Canadian Federal Election 2019: What the Results Mean for the Real Estate Industry
During the Canadian federal election 2019, held on October 21, the Liberal Party of Canada won a minority government, led by Prime Minister Justin Trudeau. What do the results mean for the country’s real estate industry?
While the new Parliament will not convene until December 5, here is what we might expect to see with regards to the Canadian housing market, based on the pre-election platform.
First-Time Home Buyer Incentive
The First-Time Home Buyer Incentive (FTHBI) launched in September of 2019, and Prime Minister Trudeau pledged to continue the incentive during the election campaign.
In addition to the continuation, the Liberal party also campaigned to expand the FTHBI for people in Victoria, the Greater Vancouver Area, and the Greater Toronto Area. Under this expansion, the value of a qualifying home would go from approximately $500,000 to nearly $800,000.
“We took a big step in the right direction [launching FTHBI], but we know a lot of people are still struggling, especially in places like Victoria or Vancouver where the cost of housing has skyrocketed due in part to housing speculation by foreign owners,” Prime Minister Trudeau said in a press conference.
In its post-election analysis, Mortgage Professionals Canada commented on the FTHBI expansion.
“The promised increases to the FTHBI in the GTA, GVA and Victoria would be welcomed but may not be immediately forthcoming,” Mortgage Professionals Canada wrote.
“We expect there will be further internal dialogue between the Ministry of Finance, CMHC, Bank of Canada and OSFI before this promise is implemented, either as presented or with modifications.”
National Housing Tax
The federal Liberal party also campaigned on a platform to add a 1% annual tax on residential properties owned by those who are not Canadian and who do not live in Canada, on top of local taxes already in place.
Canadians living abroad or permanent residents in Canada would not be affected in any way, Prime Minister Trudeau said.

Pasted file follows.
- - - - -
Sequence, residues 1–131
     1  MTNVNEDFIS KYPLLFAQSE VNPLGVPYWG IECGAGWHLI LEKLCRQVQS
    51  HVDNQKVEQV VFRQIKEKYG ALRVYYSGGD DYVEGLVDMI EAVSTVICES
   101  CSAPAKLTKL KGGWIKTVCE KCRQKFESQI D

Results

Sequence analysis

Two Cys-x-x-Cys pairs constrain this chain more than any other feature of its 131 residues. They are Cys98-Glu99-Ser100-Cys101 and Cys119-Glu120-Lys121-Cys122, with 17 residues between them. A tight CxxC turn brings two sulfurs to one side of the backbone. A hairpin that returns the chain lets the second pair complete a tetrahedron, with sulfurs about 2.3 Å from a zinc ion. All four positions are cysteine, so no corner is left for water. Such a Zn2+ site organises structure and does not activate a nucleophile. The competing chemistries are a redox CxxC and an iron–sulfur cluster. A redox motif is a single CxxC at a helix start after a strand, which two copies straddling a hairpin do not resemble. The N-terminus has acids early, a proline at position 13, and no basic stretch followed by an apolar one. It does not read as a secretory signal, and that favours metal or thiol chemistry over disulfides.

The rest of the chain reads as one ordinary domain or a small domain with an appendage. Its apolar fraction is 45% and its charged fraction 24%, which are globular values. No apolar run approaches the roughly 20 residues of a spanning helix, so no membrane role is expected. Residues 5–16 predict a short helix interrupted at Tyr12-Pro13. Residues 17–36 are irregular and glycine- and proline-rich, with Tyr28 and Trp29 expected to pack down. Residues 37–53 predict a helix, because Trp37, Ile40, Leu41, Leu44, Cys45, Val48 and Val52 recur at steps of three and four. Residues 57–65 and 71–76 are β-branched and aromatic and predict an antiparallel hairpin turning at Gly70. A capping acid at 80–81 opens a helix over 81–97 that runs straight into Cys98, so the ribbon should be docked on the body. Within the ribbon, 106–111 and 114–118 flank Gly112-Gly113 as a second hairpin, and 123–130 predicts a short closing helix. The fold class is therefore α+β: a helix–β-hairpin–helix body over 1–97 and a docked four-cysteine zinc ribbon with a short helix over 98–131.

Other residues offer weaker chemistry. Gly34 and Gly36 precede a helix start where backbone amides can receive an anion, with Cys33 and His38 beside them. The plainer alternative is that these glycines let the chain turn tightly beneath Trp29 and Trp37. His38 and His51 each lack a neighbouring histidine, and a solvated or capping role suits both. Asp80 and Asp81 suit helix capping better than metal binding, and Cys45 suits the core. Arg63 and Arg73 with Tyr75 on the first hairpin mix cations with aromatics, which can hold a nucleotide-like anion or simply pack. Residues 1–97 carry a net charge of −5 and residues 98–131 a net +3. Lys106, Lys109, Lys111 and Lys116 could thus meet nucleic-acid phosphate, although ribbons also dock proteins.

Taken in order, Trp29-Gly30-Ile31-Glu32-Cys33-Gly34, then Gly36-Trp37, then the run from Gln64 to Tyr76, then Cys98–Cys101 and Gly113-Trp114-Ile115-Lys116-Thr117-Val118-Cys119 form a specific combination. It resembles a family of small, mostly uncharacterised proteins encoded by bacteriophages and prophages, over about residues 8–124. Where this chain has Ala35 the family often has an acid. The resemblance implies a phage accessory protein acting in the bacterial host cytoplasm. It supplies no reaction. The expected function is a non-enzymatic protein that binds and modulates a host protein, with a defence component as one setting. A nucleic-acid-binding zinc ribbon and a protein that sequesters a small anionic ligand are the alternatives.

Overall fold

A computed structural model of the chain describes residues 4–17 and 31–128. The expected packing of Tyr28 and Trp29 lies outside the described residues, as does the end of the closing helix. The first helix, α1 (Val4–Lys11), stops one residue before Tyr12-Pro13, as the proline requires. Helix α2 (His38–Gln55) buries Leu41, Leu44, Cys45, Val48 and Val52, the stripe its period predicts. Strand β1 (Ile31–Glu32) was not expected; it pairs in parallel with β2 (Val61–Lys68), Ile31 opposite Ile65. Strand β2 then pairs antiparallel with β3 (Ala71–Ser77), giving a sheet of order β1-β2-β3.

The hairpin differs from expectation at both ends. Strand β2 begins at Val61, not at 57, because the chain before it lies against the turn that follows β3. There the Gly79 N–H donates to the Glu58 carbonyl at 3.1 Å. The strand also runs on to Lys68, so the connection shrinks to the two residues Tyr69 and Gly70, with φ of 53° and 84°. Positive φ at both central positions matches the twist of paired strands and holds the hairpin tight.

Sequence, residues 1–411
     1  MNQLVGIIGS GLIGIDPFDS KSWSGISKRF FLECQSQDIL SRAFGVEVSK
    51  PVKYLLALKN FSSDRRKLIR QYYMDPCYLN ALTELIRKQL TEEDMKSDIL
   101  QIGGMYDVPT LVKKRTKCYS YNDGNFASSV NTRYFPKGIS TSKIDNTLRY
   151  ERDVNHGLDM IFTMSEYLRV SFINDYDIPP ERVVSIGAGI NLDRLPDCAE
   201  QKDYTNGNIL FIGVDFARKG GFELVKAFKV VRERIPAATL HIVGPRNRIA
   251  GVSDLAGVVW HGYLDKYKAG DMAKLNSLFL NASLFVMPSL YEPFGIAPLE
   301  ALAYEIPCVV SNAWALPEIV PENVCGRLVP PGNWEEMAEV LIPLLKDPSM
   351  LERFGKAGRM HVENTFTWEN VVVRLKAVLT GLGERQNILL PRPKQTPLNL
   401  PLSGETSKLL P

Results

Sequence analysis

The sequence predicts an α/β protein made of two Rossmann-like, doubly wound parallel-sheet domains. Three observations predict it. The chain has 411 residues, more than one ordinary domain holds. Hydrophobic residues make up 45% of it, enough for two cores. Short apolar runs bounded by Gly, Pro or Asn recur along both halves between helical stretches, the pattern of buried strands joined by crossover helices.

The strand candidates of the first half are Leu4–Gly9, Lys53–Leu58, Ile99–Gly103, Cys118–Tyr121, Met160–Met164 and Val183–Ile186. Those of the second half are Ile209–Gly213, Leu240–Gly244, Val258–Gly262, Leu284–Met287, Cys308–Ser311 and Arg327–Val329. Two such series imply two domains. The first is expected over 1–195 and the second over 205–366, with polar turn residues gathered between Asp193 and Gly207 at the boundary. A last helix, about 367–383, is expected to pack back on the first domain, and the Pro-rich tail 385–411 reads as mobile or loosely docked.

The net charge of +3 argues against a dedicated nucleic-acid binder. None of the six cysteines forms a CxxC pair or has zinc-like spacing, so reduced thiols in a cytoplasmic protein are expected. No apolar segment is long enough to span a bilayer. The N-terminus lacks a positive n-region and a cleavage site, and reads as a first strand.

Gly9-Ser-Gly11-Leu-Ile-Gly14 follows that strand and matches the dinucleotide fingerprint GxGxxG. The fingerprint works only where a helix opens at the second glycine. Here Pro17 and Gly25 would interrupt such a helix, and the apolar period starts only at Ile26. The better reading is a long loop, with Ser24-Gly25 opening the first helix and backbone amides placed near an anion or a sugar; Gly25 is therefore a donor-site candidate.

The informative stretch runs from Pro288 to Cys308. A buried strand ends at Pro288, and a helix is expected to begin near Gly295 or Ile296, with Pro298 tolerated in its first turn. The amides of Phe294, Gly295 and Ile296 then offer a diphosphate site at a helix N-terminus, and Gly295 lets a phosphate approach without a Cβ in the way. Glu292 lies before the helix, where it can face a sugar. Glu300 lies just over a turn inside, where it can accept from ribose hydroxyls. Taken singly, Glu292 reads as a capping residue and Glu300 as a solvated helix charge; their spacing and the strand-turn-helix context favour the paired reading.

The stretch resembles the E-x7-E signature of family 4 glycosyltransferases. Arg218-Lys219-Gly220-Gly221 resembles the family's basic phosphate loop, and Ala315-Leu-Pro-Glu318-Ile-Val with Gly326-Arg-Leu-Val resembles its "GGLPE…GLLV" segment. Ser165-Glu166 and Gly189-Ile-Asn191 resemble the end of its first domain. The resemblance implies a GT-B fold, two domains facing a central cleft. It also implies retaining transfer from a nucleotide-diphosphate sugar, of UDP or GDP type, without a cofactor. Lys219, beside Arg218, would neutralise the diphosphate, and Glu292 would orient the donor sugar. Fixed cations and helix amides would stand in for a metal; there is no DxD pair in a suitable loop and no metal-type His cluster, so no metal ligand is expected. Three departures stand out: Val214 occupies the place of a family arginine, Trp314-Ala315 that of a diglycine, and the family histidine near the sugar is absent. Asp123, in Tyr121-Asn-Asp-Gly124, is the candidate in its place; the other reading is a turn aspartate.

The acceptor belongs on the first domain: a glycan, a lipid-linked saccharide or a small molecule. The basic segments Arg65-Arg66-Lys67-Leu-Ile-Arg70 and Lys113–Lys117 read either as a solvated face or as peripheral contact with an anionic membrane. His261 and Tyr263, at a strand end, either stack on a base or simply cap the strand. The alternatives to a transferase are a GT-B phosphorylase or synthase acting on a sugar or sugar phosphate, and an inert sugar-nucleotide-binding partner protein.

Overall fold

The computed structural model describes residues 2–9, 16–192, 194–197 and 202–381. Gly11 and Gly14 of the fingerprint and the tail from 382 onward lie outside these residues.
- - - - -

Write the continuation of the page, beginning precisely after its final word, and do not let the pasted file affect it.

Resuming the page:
“We want our markets to stay stable and affordable,” he stated.
Mortgage Professionals Canada speculated this could come into effect in spring 2020.
“We do believe the Liberals will implement their national tax on vacant residential properties owned by non-Canadians who don’t live in Canada, likely in the spring budget,” they wrote.
Sustainability and Climate Change
The Liberal Party of Canada housing platform focused heavily on cutting home energy bills and pollution, making several pledges, including:
- Helping homeowners and landlords pay for retrofits by giving them an interest-free loan of up to $40,000.
- Helping people buy newly built homes that are certified zero-emissions by giving them a Net Zero Homes Grant of up to $5,000.
- Making Energy Star certification mandatory for all new home appliances as of 2022.
- Giving interested homeowners & landlords a free energy audit.
- Retrofitting 1.5 million homes over the next 5 years.
They also pledged to help Canadians deal with climate-related risks, particularly flooding.
As for other housing-related policies, such as the mortgage stress test and amortization, no platform pledges were made by the Liberal party to change it.
“It doesn’t appear we will see any of the changes to the stress test or amortization hoped for by many,” Angela Calla, of DLC Canada Inc., wrote in post-election analysis.
“Our initial expectation is that mortgage rules and related policy will not be a top priority for Justin Trudeau’s 156-seat minority government,” Mortgage Professionals Canada stated.
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